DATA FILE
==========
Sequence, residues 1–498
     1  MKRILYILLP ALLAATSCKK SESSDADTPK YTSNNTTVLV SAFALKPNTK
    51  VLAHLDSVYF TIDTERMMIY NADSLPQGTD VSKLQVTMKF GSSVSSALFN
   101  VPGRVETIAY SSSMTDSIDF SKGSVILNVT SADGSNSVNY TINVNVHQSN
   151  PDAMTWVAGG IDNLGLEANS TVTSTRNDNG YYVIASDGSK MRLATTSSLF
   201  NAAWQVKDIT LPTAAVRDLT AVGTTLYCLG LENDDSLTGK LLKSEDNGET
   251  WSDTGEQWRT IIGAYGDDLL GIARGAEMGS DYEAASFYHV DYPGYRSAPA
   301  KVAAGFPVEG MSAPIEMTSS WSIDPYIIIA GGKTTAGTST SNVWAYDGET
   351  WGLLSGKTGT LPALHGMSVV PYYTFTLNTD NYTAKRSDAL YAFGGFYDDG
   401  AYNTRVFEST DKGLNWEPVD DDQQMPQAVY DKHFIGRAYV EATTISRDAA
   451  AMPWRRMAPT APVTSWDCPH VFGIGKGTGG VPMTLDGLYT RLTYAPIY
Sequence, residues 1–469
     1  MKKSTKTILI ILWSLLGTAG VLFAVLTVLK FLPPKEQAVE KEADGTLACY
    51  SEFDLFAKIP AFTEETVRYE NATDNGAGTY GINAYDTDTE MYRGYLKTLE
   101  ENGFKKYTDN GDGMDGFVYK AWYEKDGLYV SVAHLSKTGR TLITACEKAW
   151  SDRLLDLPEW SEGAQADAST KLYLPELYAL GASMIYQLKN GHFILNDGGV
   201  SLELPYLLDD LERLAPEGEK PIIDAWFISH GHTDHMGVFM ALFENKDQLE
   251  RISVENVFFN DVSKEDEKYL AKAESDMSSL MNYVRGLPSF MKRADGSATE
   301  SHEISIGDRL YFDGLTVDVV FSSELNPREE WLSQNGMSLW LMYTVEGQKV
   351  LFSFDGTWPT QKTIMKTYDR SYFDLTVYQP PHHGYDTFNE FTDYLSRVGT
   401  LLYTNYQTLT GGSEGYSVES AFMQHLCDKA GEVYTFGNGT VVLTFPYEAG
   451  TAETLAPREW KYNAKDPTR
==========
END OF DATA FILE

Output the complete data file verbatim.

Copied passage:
Sequence, residues 1–498
     1  MKRILYILLP ALLAATSCKK SESSDADTPK YTSNNTTVLV SAFALKPNTK
    51  VLAHLDSVYF TIDTERMMIY NADSLPQGTD VSKLQVTMKF GSSVSSALFN
   101  VPGRVETIAY SSSMTDSIDF SKGSVILNVT SADGSNSVNY TINVNVHQSN
   151  PDAMTWVAGG IDNLGLEANS TVTSTRNDNG YYVIASDGSK MRLATTSSLF
   201  NAAWQVKDIT LPTAAVRDLT AVGTTLYCLG LENDDSLTGK LLKSEDNGET
   251  WSDTGEQWRT IIGAYGDDLL GIARGAEMGS DYEAASFYHV DYPGYRSAPA
   301  KVAAGFPVEG MSAPIEMTSS WSIDPYIIIA GGKTTAGTST SNVWAYDGET
   351  WGLLSGKTGT LPALHGMSVV PYYTFTLNTD NYTAKRSDAL YAFGGFYDDG
   401  AYNTRVFEST DKGLNWEPVD DDQQMPQAVY DKHFIGRAYV EATTISRDAA
   451  AMPWRRMAPT APVTSWDCPH VFGIGKGTGG VPMTLDGLYT RLTYAPIY
Sequence, residues 1–469
     1  MKKSTKTILI ILWSLLGTAG VLFAVLTVLK FLPPKEQAVE KEADGTLACY
    51  SEFDLFAKIP AFTEETVRYE NATDNGAGTY GINAYDTDTE MYRGYLKTLE
   101  ENGFKKYTDN GDGMDGFVYK AWYEKDGLYV SVAHLSKTGR TLITACEKAW
   151  SDRLLDLPEW SEGAQADAST KLYLPELYAL GASMIYQLKN GHFILNDGGV
   201  SLELPYLLDD LERLAPEGEK PIIDAWFISH GHTDHMGVFM ALFENKDQLE
   251  RISVENVFFN DVSKEDEKYL AKAESDMSSL MNYVRGLPSF MKRADGSATE
   301  SHEISIGDRL YFDGLTVDVV FSSELNPREE WLSQNGMSLW LMYTVEGQKV
   351  LFSFDGTWPT QKTIMKTYDR SYFDLTVYQP PHHGYDTFNE FTDYLSRVGT
   401  LLYTNYQTLT GGSEGYSVES AFMQHLCDKA GEVYTFGNGT VVLTFPYEAG
   451  TAETLAPREW KYNAKDPTR